Religious life in the Paradise area dates back to September 1, 1822 when seven people met with Rev. Daniel Banks in the home of Olney and Hopese Hines to form a church. The congregation met in a school house across the road from the old Hemenway home, relatives of Doris Hemenway Zint.
In 1829, Rev. Munger organized the first Sunday School in Warrick County in the building. The Sunday School was very successful and set as its main duty to provide a library for books and tracts to be used by the community. An American Sunday School Union representative visited after a few years and offered them $5.00 for new books if the congregation would match the amount. “Every man present put in what he had but they lacked $ 1.50.” The difference was loaned to them to be repaid later.
Rev. Calvin Butler pastored a period of great prosperity for the church from 1830 – 37. A building near Ellis Cemetery was obtained to be used as a church. Active families included Curtis, Castle, Fuquay, Hewins, McKinney, Pine, Snyder, and Wilder. “In 1837, the church had difficulties in government and the disturbance caused a division in this local church.” Rev. Butler left and the church building was neglected. When he returned a few years later, the congregation had scattered and never regained its strength.
Rev. Benjamin Hall, a local minister, built five or six strong churches in the county and aroused interest locally in 1858. He accepted an offer by Martin Townsend to deed property for a church and cemetery. The Townsend and Olin families had already started a cemetery on the site. Community residents cut trees on land belonging to several families and hauled them to Nagley’s mill on Pigeon Creek north of Evansville. Lewis and Nathan Walden and James Pine took their teams and hauled all the rough lumber. A house carpenter, Erastus Williams, was contracted for the construction. Many hours of labor were donated by the minister and neighbors.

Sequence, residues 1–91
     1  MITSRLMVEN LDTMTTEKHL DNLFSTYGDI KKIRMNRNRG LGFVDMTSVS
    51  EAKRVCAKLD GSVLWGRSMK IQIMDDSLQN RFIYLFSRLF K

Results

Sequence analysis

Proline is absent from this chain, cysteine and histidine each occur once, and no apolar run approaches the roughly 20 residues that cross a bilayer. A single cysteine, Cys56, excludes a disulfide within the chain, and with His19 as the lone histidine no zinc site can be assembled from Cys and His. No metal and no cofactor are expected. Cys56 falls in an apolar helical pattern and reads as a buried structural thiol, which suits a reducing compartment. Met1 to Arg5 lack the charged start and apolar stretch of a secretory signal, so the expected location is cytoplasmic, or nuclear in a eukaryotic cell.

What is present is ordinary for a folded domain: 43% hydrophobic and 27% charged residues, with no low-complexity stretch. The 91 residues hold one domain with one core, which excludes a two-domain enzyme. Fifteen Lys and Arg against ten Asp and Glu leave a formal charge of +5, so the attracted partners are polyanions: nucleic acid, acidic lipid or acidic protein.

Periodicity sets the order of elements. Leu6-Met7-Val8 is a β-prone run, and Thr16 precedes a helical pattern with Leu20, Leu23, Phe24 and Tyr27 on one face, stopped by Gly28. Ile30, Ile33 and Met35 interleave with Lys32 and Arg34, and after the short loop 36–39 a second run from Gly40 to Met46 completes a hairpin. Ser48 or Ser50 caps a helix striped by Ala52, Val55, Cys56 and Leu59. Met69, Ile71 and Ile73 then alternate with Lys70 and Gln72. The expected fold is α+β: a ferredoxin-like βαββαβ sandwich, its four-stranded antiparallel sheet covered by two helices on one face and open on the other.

Rev. Burroughs preached the dedication sermon for the new building in May 1860 while the congregation sat on wood planks propped on log blocks because the seats were not ready. This guest speaker was later killed in the Civil War which was just beginning about the time the church was completed. On the day of the dedication, “amounts of money were made up by subscriptions enough to wipe out all the debt.”
Once the congregation settled into the building, neighbors of the new church met to clear off the cemetery. The area was surveyed and anyone could take possession of a rod-square plot free of charge. A strip on the west side was reserved for the Townsends, Olins, and Waldens. After 21 years of preaching locally, Rev. Hall moved to Iowa in the 1870’s. As was typical at the time, he had served both the Newburgh and Townsend congregations
simultaneously. Later, Townsend was grouped with Chandler andMt. Pisgah to share a minister. Then they were paired with Newburgh again before being made a “full fledged” church called Townsend Congregation.